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Go Finland Go

Satu Lehtinen


Six Finnish cross-country skiers were caught doping in this year’s Nordic Skiing World Championships. For many Finns, the doping scandal was not only a sign of fallen athletes. It was a wider question of principle. Since the 1920s, the achievements of sports heroes have been the stuff of national identity. With the fallen skiers went the myth of the honest Finn.

Last February, Finland was preparing for a sporting celebration. The Nordic Skiing World Championships in Lahti, Finland, were supposed to be the Championships of all time. Before the games were over, a total of six top Finnish cross-country skiers had been caught using a banned blood plasma expander called Hemohes. An unprecedented media circus began with the first doping news. Journalists took to the streets, asking people how they felt and how they were going to get through this. When the Finnish Ski Association held a press conference, three of the four national Finnish TV channels broadcast the conference live.

The debacle touched all Finns – even those who are not interested in sports. People described their feelings with words like shock, deep sorrow and even depression. Some even wanted to charge the athletes with treason. People wrote letters to the editor, saying that they no longer dare to show their face abroad.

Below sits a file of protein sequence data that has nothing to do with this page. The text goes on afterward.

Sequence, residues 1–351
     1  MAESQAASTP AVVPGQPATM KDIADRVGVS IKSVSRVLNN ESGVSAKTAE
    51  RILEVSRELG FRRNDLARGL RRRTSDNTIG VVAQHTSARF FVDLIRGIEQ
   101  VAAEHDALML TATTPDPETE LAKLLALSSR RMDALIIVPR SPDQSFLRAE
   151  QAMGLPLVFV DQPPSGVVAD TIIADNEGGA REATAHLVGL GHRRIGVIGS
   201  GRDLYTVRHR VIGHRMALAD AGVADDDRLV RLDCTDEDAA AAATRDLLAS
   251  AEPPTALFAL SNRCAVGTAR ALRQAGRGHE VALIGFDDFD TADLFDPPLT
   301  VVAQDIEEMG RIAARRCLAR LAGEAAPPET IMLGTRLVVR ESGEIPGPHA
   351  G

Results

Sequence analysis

Cross-country skiing is a small sport with traditions in four northern countries. The contenders for top positions are Finland, Sweden, Norway and Russia. One might think that the doping scandal was not worth all the furore. But why did the six doping cases cause such a big stir?

The myth of the honest Finn

Jaana Hallamaa, a docent in Theological Ethics and Philosophy of Religion, is one of those who find it difficult to understand that you can become a hero by sweating it out on cross-country skiing tracks. She thinks the scandal does not deserve the attention it received. However, the researcher, who specialises in values, says that although it was a minor incident, it symbolised something important. “In Lahti, Finland was to show the world how to combine pure physical power with modern technology. The fact that the physical power was not so pure was a bad blow.”

Seppo Aalto, a professor of Finnish history, says that the worst thing about the doping scandal was not the doping. The worst was that, along with the facade of sports, the myth of the honest Finn came crashing down. “People were most hurt by the dishonesty. Cross-country skiers had been made into the paragons of honest Finns. We’ve been fed an image that we pursue our goals with the right means. That we’re an upright nation, quite different from the bad boys of Southern Europe.”

Jorma Anttila, a researcher of social psychology, is working on a doctoral dissertation on national identity and how people identify themselves as Finns. For his dissertation, he asked Finns what constitutes Finnishness. The characteristics the respondents ranked highest were honesty and being hard-working. “The mental imagery embodying Finnishness relies on agrarian values. They include home, religion and the fatherland. And, of course, the Finnish wilderness. Cross-country skiing was a natural way to move around in the agrarian society. This connects cross-country skiing strongly with Finnishness. Adults who grew up in the country remember skiing to school.”